Lithuania, the small, southernmost Baltic state, has reached out for international military support due a surge of Russia’s presence in the region.
While Lithuania has a minuscule amount of ethnic Russians, making a pro-Russian rebellion largely from within its own borders as has been the case in Ukraine unlikely, Russia’s influence on the Baltic region seems very plausible. Lithuania has warned the West throughout the past few years about Russia’s growing impact in the region, which has largely come from fake news seeking to destabilize Lithuania from within. False claims regarding German soldiers raping a girl were mysteriously e-mailed to the president of the Lithuanian Parliament, as well as a story that incorrectly reported a chemical assault on U.S. soldiers in nearby Estonia. Russia’s recent behavior in its apparent attempts to impact the French and U.S. elections have stirred up added attention from the West on any potential Russian propaganda, especially when it occurs in a country with such geographic proximity to Russia. That country’s leader, Vladimir Putin, recently deployed nuclear-capable Iskander ballistic missiles to Kaliningrad, the Russian territory that borders Lithuania’s southeast.
Unlike Lithuania, Belarus, which shares a large border on Lithuania’s southeast, does have a significant Russian population, raising slight concerns over the ‘autonomy’ of a country already heavily influenced by Russia.
A joint military exercise between Belarus and Russian soldiers planned for September has done nothing to quell Lithuania’s concerns over Russia’s aggressive attitude. Despite claims that the exercise will not consist of more than 13,000 troops, Russia’s military exercises in the caucasus last year were only supposed to include 12,000 troops. Instead 120,000 soldiers participated. Intel suggests the possibility of the joint training exceeding 100,000 soldiers and even including nuclear weapons training in a country with an already significant Russian military presence.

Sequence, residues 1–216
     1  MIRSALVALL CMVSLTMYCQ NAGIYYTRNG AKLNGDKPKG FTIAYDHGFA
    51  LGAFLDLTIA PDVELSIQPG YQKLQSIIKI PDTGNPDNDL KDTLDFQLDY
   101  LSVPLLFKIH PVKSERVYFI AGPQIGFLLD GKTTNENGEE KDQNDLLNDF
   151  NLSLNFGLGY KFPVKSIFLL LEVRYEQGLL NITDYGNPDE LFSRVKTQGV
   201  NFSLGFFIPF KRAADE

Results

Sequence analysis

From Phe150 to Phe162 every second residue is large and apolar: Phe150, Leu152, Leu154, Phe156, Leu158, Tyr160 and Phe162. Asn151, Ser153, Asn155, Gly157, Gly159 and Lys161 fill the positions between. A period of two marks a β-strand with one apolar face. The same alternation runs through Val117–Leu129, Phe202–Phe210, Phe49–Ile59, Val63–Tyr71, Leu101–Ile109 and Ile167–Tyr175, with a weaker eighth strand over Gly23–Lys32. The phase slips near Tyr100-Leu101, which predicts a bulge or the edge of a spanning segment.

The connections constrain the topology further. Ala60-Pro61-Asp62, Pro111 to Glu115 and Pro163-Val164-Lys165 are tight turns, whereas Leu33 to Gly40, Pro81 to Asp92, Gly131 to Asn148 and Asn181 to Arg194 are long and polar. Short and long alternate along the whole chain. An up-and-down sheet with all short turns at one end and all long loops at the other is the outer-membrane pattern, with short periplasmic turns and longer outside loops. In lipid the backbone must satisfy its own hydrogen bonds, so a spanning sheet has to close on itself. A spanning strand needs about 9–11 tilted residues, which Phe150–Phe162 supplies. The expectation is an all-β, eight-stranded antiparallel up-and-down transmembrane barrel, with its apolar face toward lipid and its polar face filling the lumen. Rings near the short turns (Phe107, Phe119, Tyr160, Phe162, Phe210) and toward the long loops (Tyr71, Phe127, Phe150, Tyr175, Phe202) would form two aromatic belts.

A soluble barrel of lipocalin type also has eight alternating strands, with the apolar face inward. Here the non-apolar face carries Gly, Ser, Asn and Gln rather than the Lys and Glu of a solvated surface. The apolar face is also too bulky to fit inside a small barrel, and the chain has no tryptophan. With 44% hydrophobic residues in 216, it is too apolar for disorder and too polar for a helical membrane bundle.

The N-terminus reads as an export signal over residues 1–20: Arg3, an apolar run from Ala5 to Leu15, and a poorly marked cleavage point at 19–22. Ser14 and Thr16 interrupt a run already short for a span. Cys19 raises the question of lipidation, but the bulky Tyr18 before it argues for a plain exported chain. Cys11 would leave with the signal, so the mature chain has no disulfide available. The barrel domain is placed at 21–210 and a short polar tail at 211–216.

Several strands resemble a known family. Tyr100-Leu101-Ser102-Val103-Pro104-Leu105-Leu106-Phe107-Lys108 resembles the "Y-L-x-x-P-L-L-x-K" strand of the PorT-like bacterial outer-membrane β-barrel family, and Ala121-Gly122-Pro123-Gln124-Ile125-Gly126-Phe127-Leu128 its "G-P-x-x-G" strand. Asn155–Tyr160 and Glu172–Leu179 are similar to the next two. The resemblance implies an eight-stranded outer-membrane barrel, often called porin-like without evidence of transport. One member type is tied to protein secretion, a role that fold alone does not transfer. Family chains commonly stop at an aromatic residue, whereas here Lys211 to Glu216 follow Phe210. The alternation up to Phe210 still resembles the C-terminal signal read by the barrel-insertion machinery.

On May 9th in Lithuania’s capital city of Vilnius Lithuania’s President, Dalia Grybauskaite, met with U.S. Secretary of Defense, Jim Mattis. Grybauskaite requested a stronger presence of the U.S. military in Lithuania, noting NATO’s inability to act decisively as opposed to U.S. forces. The U.S. has had 150 soldiers in the country since 2014, but Grybauskaite is making a case for additional support in deterring the Russians from the Baltic region. Grybauskaite made a point that “It is important to have adequate response capabilities against possible threats,” clearly demonstrating her desire for a stronger U.S. presence in her country.
(Lithuanian President Dalia Grybauskaite)
Lithuania’s Defense Minister Karoblis even labeled the September military drills to be conducted by Russia and Belarus as a “simulation of an offensive character against NATO.” Lithuania as well as the other Baltic states received encouragement from the visit of U.S. Secretary of Defense, Jim Mattis, who met with his counterparts of Lithuania, Latvia, and Estonia in a Lithuanian town a day after his meeting with President Grybauskaite. Mattis reassured the states of the commitment of the U.S. in protecting its NATO allies, despite prior comments made by President Trump. NATO is expected to conduct a large air defense exercise in Lithuania in July, and has pledged 4,000 troops to rotate along its eastern border in the countries of Poland, Lithuania, Latvia, and Estonia.
(Jim Mattis second from left, Karoblis far left)
Russia’s intentions towards the West certainly do not look to be improving. Its military ‘practice’ with Belarus in September has only further escalated the tensions between Russia and the West that are pushing the world scarily back in the direction of a Cold War. What just months ago seemed like a soaring relationship between the U.S. and the Russian Federation, now continues to crumble, contributing to the chaos of American politics at home and abroad.